It comes as a new agreement allows drivers to hit EU roads without extra paperwork.

A year after leaving the European Union, the government has removed the bloc’s flag from UK driving licences and number plates as part of a post-Brexit revamp. The move was confirmed by the Department for Transport (DfT) and Transport Secretary Grant Shapps, who posted a picture of the new-look registration plates on Twitter.

To mark the UK’s departure from the EU, the blue flag with yellow stars has been cut from all new UK driving licence and number plate designs, with the first such licences and plates issued from January 1. The arrival of new designs does not affect the validity of existing licences and number plates, but the new versions will be issued to everyone renewing a licence or getting one for the first time.

Grant Shapps showed off the new number plate design in a tweet, in which he also referenced the new green number plates for electric vehicles. In an image attached to the tweet, Shapps demonstrated the new plate designs, with a green tab on the end of a mock-up number plate and the Union Flag above the GB lettering. Petrol- and diesel-powered cars will retain their blue tabs.

 

Shapps also noted the arrival of a new EU agreement that means British licence holders will still be able to drive in any of the 27 EU member states, Iceland, Norway, Switzerland or Liechtenstein without the need for an international driving permit – regardless of whether the licence has a British or EU flag. Similarly, those with a GB tab on their number plate or a Union Flag with the GB letters below will not need to place a GB sticker on their vehicle.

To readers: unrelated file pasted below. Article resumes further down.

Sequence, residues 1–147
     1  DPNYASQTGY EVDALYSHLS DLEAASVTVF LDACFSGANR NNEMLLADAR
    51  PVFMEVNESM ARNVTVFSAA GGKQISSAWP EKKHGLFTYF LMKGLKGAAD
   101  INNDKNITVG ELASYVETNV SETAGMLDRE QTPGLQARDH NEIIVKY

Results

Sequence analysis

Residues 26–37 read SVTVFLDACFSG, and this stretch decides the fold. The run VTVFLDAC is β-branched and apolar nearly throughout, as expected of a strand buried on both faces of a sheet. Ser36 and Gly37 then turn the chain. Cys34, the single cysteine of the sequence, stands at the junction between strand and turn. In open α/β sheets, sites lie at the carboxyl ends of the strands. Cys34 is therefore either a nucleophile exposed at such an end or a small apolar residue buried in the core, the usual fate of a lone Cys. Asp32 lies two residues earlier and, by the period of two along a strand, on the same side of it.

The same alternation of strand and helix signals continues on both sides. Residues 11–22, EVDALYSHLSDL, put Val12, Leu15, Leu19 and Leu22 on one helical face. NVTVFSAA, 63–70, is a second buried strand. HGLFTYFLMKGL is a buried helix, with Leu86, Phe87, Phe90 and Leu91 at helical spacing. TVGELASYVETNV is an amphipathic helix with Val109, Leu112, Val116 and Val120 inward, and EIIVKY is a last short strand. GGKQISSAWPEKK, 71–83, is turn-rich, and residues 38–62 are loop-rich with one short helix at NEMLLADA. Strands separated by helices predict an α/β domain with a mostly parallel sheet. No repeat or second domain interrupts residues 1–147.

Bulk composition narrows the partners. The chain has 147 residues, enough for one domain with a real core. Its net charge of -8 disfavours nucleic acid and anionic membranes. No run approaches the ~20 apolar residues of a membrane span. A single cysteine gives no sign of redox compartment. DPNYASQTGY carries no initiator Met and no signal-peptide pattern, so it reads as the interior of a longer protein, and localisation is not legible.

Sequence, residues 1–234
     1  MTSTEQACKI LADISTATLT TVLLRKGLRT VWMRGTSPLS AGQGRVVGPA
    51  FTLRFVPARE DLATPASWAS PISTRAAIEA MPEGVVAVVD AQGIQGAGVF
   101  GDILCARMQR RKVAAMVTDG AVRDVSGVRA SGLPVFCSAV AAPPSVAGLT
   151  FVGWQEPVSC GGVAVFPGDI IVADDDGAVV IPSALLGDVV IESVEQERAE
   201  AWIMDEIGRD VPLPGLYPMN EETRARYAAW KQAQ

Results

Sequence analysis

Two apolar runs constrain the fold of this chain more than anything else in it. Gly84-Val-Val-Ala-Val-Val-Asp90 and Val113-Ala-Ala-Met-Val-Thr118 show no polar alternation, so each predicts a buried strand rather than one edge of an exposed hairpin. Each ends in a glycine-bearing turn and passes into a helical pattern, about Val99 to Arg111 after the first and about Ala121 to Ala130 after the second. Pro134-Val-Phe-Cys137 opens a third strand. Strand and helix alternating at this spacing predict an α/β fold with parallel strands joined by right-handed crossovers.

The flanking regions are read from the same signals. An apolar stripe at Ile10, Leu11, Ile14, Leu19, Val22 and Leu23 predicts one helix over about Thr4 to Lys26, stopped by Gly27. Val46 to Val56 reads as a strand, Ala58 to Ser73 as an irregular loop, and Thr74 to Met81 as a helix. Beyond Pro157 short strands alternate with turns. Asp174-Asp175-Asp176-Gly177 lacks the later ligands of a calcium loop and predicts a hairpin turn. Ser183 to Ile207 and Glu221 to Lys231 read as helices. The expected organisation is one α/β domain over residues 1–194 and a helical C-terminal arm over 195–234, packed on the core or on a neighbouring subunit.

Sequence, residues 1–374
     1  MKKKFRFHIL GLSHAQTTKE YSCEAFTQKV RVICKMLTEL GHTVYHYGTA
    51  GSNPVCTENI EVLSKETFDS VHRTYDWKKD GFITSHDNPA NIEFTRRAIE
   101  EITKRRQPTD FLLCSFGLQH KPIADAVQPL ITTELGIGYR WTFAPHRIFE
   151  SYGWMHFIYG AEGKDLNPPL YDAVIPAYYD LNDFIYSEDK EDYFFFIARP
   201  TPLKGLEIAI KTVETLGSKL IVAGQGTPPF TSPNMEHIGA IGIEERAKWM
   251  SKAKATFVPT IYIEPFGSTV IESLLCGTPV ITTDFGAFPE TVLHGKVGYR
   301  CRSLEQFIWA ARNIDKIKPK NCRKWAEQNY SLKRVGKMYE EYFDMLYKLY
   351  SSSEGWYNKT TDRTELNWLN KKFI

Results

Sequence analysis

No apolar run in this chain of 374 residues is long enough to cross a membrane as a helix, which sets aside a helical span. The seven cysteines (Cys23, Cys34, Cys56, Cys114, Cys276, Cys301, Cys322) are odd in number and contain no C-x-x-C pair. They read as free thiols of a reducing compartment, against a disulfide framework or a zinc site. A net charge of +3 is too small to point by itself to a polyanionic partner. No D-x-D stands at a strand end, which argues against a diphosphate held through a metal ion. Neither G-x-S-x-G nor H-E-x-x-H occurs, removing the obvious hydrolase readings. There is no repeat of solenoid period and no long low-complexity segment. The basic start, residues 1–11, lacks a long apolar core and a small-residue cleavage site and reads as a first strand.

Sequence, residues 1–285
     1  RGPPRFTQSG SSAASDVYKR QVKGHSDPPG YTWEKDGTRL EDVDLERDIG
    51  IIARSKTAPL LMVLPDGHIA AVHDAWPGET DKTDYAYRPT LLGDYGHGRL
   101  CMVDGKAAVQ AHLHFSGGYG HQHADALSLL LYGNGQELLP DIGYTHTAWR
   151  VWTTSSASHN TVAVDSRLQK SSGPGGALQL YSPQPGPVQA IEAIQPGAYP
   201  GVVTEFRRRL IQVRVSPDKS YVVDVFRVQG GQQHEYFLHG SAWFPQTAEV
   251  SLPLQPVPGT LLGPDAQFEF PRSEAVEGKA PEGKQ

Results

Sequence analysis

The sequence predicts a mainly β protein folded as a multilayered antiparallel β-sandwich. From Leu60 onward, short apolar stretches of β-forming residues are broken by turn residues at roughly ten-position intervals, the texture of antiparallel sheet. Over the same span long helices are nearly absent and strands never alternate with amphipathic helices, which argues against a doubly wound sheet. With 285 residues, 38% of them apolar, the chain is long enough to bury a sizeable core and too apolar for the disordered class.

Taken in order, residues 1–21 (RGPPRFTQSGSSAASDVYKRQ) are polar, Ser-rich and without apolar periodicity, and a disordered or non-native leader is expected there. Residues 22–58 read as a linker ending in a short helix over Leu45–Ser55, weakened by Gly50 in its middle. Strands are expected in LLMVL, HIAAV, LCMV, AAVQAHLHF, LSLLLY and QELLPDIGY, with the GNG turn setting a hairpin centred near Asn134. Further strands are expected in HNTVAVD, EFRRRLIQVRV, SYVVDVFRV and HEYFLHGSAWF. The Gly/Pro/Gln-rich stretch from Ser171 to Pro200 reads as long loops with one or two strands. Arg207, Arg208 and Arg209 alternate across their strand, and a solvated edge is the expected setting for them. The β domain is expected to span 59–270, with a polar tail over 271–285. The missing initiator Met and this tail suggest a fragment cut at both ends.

However, the DfT pointed out travel restrictions are in place due to the ongoing coronavirus pandemic, and urged drivers not to travel unless for work or “other legally permitted reasons”. But the department said the agreement with the EU would make life easier for motorists in future.

“Changing the designs of our driving licences and number plates is a historic moment for British motorists, and a reassertion of our independence from the EU one year on from our departure,” said Transport Secretary Grant Shapps. “Looking to the future, whether it’s for work or for holidays abroad, these changes mean that those who want to drive in the EU can continue to do so with ease.”